Brooks Jensen Arts

Every Picture Is a Compromise

Lessons from the Also-rans

Most photography websites show the photographer's very best work. Wonderful. But that's not the full story of a creative life. If we want to learn, we'd better pay attention to the images that aren't "greatest hits" and see what lessons they have to offer. Every picture is a compromise — the sum of its parts, optical, technical, visual, emotional, and even cosmic – well, maybe not cosmic, but sometimes spiritual. Success on all fronts is rare. It's ok to learn from those that are not our best.

This is a series about my also-rans, some of which I've been able to improve at bit (i.e., "best effort"), none of which I would consider my best. With each there are lessons worth sharing, so I will.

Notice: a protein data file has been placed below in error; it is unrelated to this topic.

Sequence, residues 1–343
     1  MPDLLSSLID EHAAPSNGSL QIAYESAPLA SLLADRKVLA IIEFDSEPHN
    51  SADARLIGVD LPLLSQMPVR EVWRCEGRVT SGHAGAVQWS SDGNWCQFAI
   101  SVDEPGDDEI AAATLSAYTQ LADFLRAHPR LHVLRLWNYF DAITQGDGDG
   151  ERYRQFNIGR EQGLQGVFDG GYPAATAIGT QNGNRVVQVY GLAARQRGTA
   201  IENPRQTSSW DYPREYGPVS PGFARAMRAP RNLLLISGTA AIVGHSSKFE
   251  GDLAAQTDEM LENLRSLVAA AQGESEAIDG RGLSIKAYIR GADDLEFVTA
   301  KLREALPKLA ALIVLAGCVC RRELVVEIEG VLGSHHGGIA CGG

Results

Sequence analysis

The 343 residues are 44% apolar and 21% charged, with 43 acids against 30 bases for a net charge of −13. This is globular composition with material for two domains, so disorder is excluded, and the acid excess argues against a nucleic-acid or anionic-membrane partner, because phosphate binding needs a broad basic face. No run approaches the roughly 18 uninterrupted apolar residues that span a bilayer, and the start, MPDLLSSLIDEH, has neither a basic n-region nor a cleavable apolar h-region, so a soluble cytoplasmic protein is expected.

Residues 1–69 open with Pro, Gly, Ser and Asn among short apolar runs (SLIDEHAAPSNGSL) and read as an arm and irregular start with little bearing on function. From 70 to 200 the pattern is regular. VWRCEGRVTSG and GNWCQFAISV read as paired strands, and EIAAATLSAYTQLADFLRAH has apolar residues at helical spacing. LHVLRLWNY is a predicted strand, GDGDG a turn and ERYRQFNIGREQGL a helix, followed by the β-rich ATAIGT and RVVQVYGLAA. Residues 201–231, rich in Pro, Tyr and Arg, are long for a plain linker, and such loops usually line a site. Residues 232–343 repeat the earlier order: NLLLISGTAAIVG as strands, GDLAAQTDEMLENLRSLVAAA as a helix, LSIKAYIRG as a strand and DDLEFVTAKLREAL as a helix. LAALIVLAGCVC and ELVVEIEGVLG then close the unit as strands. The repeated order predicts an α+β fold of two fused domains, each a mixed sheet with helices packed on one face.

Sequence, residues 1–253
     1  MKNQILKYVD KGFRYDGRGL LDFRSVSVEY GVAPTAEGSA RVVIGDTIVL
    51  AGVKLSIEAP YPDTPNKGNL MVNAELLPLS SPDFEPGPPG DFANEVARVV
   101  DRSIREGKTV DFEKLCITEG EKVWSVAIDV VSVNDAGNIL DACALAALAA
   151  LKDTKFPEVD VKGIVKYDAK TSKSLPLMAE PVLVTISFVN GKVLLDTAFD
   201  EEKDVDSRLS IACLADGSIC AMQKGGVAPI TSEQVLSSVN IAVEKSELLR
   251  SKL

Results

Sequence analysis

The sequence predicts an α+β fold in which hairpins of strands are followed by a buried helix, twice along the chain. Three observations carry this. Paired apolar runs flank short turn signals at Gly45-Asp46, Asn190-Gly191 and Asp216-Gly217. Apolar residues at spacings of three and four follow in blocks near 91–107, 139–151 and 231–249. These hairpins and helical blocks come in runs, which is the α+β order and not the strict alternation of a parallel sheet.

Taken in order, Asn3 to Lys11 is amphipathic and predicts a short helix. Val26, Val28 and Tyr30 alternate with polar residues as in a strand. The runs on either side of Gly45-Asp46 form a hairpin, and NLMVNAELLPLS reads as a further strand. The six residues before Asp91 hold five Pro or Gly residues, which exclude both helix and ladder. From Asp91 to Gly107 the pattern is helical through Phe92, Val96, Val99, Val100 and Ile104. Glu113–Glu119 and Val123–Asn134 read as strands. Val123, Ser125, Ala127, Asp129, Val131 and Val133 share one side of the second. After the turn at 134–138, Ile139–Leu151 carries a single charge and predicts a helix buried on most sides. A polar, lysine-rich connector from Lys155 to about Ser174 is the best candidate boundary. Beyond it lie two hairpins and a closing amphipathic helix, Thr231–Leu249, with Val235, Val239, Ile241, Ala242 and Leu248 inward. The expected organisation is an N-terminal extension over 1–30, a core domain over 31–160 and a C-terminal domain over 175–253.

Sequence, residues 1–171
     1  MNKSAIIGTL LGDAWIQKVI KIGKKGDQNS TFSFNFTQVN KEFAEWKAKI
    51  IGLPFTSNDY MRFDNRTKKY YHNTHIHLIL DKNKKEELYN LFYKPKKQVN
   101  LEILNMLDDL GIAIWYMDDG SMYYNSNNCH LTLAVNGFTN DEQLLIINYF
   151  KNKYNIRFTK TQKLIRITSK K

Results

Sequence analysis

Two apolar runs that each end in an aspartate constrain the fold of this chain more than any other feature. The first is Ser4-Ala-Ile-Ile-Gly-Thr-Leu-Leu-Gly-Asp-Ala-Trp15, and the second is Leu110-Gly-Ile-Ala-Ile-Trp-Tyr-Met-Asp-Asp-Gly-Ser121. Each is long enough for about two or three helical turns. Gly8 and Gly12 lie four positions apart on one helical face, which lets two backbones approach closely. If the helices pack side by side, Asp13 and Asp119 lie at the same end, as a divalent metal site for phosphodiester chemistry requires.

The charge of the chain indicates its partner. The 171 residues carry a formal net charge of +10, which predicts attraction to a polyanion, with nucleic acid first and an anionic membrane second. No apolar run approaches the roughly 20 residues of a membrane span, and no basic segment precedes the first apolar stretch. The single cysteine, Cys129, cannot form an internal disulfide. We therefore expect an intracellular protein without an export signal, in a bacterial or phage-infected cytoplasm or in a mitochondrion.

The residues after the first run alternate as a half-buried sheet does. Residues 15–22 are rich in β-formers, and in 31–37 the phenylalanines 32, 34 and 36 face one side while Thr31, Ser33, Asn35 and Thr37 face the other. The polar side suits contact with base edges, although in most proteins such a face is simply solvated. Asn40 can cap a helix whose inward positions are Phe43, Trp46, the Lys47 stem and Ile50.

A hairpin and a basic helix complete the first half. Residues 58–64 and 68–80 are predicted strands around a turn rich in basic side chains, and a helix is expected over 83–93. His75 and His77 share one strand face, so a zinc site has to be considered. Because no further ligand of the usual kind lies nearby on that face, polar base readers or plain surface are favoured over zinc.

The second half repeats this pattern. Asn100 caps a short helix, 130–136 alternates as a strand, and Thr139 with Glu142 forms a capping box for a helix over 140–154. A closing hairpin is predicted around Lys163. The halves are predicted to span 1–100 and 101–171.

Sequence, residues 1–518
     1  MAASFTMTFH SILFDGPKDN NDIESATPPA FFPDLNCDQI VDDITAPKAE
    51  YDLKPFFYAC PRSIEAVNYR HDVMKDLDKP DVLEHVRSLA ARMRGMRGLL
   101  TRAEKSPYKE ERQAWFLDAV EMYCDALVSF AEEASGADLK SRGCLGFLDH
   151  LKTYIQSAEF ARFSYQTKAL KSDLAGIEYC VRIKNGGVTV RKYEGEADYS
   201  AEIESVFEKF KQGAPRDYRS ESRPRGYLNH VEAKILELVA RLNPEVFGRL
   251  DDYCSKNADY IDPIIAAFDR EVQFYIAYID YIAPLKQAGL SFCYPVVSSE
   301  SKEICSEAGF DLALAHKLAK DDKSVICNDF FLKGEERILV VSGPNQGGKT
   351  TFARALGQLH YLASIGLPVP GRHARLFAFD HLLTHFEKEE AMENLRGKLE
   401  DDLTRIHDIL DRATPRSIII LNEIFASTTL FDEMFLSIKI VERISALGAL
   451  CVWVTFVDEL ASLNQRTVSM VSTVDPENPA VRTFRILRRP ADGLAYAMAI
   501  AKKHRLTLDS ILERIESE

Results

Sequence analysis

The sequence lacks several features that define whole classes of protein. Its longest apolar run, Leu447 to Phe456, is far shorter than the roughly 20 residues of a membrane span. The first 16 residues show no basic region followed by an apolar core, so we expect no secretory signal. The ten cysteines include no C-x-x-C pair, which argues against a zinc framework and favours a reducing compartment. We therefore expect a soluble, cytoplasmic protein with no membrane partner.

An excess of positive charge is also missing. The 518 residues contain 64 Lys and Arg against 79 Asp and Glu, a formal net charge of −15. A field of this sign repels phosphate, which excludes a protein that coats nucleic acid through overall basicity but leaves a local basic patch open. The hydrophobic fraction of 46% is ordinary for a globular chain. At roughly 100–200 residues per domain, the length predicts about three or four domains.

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What I saw that I liked:

Walking through a village in rural China, I rounded a corner and saw this guy working these pots of steaming somethint or other.

What I don't like in the picture:

What guy? Precisely. Just as I was lifting the camera to my eye, he walked out of the frame. He hadn't seen me, he just needed to go inside, I guess, to get something. I waited a few minutes, but he didn't come back out. Damn.

What I learned:

Make lemonaide. The picture would have been better with the guy in it, but the steaming pots were still interesting.

2nd Chances: What I might try next

I wish now I'd have had the presence of mind to ask my driver or translator to knock on the door and ask him if he'd come out for a portrait. He might have said no, but since we didn't ask, we'll never know.